Mitch Abrams has come up with a way to build a solid home care agency: He has developed a good system for seeking reimbursement from private long-term care insurance (LTCI) companies.
Abrams has been a managing partner at Homewatch Caregivers Northshore since 2009. His organization now helps send more than 200 professional care providers into clients’ homes.
About 42 percent of the clients have some kind of private LTCI coverage, compared with a percentage of about 5 percent to 10 percent at a typical home care percentage.
The high use of private LTCI is partly the result of the fact that the agency is based in Northbrook, Ill., and operates in affluent communities near Chicago. But the agency also has a high percentage of private LTCI patients because it takes responsibility for filing LTCI claims with insurers and resolving problems with claim payments.
For a look at some of what Abrams has learned from setting up a system to bill the LTCI carriers, read on.
1. The little things count
Abrams says his agency is different from many because it puts all service and billing records online, and it uses telephone calls from the care providers and the Caller ID to document what care the providers have delivered, where, and when.
The agency uses its system to create detailed invoices for patients every two weeks. The detailed invoices can help patients show why they qualify for private LTCI benefits, Abrams says.
But, in many cases, he says, Homewatch has to print out the invoices and fax them to the insurers, because LTCI claim administrators often have no ability to handle electronic claim submissions.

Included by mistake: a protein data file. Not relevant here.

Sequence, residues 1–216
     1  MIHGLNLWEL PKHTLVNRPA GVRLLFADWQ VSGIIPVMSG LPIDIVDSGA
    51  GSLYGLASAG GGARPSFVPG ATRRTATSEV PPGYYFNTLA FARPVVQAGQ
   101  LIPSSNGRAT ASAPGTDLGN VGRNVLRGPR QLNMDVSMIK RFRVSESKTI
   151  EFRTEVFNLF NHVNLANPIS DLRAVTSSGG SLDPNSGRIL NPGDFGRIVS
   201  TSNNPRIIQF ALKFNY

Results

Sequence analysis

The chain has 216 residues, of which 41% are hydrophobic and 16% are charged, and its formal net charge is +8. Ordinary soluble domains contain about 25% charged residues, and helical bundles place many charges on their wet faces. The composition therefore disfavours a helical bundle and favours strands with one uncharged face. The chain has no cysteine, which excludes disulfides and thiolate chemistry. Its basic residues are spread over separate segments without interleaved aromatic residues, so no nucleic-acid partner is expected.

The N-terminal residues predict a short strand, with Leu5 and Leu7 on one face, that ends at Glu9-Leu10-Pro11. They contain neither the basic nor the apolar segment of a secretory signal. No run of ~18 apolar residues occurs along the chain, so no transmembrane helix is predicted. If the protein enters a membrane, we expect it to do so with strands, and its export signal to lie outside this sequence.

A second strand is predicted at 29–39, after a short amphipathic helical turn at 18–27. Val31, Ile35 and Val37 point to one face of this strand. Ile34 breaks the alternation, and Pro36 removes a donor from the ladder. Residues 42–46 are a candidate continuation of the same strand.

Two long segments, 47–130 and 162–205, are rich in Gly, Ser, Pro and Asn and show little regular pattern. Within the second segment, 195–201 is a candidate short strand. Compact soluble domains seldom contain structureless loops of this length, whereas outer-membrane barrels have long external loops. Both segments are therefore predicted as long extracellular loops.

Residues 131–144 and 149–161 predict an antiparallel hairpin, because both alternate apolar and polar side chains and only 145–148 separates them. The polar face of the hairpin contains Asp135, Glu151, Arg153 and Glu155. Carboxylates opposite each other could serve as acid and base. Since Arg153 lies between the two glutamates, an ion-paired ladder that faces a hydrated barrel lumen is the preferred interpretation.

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2. The percentage of LTC providers prepared to bill private LTCI carriers — and resolve billing problems — is low
Abrams says his agency sets itself apart from the competition by performing some patient advocacy services.
In many cases, if consumers have problems with getting claims paid, his agency will get clients or family members to give the agency the authority to help them communicate with the insurer. At this point, he says, even many hospitals and other acute care providers that are used to untangling major medical insurance claim problems have the agency tackle any claim problems that involve private LTCI.
3. Different types of LTC payers providers mostly operate in their own separate silos
Abrams is active in home care groups, and he says he has a good relationship with the LTCI agents and brokers in his area. Many veteran LTCI producers want a way to help clients who bought policies 20 or 30 years ago and now need to file claims, he says.
But he says he rarely talks to anyone involved with an insurance company other than a call center customer service representative, and that he can’t remember talking to representatives from any insurance carrier associations.
He also sees no evidence that local Medicaid program managers are interested either in what he does or in private LTCI. As far as he can see, the people involved with Medicaid, insurance companies and providing LTC services usually operate in separate silos.
See also: LTC Provider Backs 3in4 Campaign
4. The private insurers that are still in the market tend to offer better customer service
If Abrams has a choice, he’d rather be talking to the customer service reps from the insurers that are still selling private LTCI.
“The stronger players are dramatically better” when it comes to customer service, Abrams said.
Working with a carrier that has left the LTCI market can involve long, difficult efforts to reach customer service reps, Abrams said.
But Abrams said the big, well-known LTCI issuers are good at paying claims smoothly once patients document that they qualify for benefits payments.
5. Private insurers do a lot better at paying claims than Medicaid does
LTCI carriers may be facing withering glares from investors who wonder why they have a hard time earning ever-increasing levels of return on equity when interest rates are near 0 percent, but, to Abrams, the big LTCI issuers are “the bank.” He sees them as being much better organized than, and much more stable than, Medicaid.
Medicaid does help pay for home care in Illinois — but not smoothly.
“The worst payer in the long-term care insurance space is better than Medicaid in Illinois,” Abrams said. “There’s no comparison.”